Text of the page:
© 2009 – Routledge
This book is a study of a Christian theology without words, focussing on theology in the Deaf Community. Deaf people's first and preferred method of communication is not English or any other spoken language, but British Sign Language - a language that cannot be written down. Deaf people of faith attend church on a regular basis, profess faith in God and have developed unique approaches to doing theology. While most Western theology is word-centred and is either expressed through or dependent on written texts, theology in the Deaf Community is largely non-written. This book presents and examines some of that theology from the Deaf Community and argues that written texts are not necessary for creative theological debate, a deep spirituality or for ideas about God to develop.
Theology without Words is not only an original contribution to Disability Studies, but also offers a fascinating insight into a silent world where meaning and faith are alive and well without speech. John M. Hull, Emeritus Professor of Religious Education, University of Birmingham and Honorary Professor of Practical Theology, Queen's Foundation for Ecumenical Theological Education, UK Theology without Words is a well written book and challenges 'mainstream' theology to take more notice of other theologies, particularly the story-telling nature of Deaf theology. Revd. Cathy Nightingale, Chaplain among Deaf People and Team Vicar, Diocese of Manchester, Church of England The theology of disability needs thinkers who are careful and rigorous, yet thoughtful and creative. Wayne Morris is all of these things. In this challenging and provocative book Morris not only opens our eyes to new perspectives on a practical theology of deafness, he also provides deep methodological and practical insights into how the field of disability can and should be researched and precisely why it might be important that this is done well. This is an important book. John Swinton, Professor in Practical Theology and Pastoral Care, King's College, University of Aberdeen, UK ’Morris’ book is a valuable, well-researched combination of theological analysis and ethnographic studies and is an important contribution to the growing field of theology and disability studies. This book is practical theology at its finest and can be read profitably by theological scholars and church professionals alike.’ Religious Studies Review ’… for readers without experience of the deaf community Theology Without Words provides a window through which that community may begin to be seen and to be better valued for its uniqueness.’ Theology 'This study, an important addition to the Practical Theology series, is also a valuable contribution to the field of Disability Studies. … I found that the most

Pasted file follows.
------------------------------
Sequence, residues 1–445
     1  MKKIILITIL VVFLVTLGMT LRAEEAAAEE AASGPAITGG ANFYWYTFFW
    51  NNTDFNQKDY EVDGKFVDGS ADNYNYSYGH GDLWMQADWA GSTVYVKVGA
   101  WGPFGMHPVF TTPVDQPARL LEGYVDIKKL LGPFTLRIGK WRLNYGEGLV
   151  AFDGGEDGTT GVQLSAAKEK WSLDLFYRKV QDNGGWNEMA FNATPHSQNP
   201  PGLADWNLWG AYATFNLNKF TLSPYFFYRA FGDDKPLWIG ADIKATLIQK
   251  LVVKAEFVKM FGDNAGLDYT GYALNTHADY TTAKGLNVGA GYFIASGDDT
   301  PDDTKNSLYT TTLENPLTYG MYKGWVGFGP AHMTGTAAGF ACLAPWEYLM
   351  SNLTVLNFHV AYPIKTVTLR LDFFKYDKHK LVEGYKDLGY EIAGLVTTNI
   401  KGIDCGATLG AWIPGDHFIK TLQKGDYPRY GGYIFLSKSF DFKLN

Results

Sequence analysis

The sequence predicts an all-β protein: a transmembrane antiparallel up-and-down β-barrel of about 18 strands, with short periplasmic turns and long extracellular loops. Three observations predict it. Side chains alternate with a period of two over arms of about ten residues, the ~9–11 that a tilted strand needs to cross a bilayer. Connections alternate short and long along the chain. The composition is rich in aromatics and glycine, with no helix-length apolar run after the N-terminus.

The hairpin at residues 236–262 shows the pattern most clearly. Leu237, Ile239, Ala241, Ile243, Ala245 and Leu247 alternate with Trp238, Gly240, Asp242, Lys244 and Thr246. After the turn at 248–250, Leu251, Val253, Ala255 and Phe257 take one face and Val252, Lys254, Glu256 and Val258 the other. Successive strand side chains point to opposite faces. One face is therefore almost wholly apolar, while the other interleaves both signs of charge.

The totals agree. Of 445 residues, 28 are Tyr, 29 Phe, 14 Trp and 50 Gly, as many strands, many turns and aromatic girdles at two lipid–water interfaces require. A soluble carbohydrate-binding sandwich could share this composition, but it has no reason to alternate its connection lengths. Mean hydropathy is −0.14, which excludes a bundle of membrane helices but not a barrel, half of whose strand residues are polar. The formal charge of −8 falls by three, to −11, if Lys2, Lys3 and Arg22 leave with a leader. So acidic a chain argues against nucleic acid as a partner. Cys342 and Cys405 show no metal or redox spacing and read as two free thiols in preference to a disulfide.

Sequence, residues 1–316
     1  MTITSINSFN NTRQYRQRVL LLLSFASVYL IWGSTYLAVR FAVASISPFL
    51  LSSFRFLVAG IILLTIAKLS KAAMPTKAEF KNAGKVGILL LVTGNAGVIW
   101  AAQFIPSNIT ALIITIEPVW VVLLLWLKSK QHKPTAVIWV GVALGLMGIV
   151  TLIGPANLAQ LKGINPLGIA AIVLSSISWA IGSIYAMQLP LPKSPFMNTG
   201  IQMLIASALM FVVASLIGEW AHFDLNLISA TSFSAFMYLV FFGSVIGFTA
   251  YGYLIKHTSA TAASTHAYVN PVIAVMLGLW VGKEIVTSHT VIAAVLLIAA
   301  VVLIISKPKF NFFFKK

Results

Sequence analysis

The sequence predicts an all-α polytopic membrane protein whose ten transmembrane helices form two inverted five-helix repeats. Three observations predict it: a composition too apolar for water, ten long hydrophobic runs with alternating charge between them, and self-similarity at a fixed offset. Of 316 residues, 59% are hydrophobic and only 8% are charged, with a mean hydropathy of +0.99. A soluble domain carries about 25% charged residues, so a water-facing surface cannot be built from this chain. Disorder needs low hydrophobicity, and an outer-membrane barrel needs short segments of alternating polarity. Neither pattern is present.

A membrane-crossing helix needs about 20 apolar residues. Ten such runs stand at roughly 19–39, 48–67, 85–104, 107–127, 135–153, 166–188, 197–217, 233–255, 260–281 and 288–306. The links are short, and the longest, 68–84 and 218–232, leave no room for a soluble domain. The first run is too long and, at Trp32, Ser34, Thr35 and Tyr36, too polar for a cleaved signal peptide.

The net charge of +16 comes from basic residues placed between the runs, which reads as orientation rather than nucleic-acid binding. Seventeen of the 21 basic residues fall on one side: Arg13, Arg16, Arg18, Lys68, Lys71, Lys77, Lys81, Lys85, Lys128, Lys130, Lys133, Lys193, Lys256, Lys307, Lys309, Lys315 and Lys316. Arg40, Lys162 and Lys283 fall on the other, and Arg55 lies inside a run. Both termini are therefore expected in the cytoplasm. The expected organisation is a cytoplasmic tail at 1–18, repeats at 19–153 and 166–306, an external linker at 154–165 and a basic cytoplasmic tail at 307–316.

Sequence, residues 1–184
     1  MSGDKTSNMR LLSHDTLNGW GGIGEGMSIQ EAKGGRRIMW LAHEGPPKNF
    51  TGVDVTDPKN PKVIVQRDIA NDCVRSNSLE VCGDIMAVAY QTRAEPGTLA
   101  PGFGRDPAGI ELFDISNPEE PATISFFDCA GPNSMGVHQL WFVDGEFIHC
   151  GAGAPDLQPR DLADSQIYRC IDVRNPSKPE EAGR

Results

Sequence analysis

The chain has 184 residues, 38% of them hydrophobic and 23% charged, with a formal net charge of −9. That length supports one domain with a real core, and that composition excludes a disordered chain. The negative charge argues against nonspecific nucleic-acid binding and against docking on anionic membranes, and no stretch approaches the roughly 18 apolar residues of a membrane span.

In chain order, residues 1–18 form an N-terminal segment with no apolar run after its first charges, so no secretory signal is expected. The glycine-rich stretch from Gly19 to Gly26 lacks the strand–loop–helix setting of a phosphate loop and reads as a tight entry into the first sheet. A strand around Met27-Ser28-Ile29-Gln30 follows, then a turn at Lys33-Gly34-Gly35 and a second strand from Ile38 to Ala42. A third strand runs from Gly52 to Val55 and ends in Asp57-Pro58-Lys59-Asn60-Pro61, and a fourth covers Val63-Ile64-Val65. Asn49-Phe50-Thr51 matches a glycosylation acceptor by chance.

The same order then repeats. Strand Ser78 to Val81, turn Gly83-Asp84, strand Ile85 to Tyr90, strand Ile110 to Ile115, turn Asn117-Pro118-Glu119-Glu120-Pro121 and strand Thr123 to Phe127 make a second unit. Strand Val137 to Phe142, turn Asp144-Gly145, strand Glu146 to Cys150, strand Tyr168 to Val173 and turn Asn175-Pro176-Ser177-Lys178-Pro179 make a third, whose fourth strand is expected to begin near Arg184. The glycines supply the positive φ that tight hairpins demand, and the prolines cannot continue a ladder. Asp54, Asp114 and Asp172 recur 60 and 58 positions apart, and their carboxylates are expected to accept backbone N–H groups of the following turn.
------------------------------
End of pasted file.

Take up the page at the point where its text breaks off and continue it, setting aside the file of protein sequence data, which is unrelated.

Contents: Introduction: 'In the beginning was the Word'; Part I The Deaf Community and Their Language: A sense of deaf identity; Talking with you hands: issues in British Sign Language. Part II In Search of Deaf Theology: Developing appropriate research methods; Deafining and doing theology; 'Anyone who has ears, Let them hear…' …but what about deaf people? Part III Theology Without Words: Theology without words: ecclesiology and liturgy; Deaf in the image of the deaf God; Conclusion: 'so many other things'; Bibliography; Index.
Theological reflection on the church’s practice is now recognised as a significant element in theological studies in the academy and seminary. Ashgate's series in practical, pastoral and empirical theology seeks to foster this resurgence of interest and encourage new developments in practical and applied aspects of theology worldwide. This timely series draws together a wide range of disciplinary approaches and empirical studies to embrace contemporary developments including: the expansion of research in empirical theology, psychological theology, ministry studies, public theology, Christian education and faith development; key issues of contemporary society such as health, ethics and the environment; and more traditional areas of concern such as pastoral care and counselling.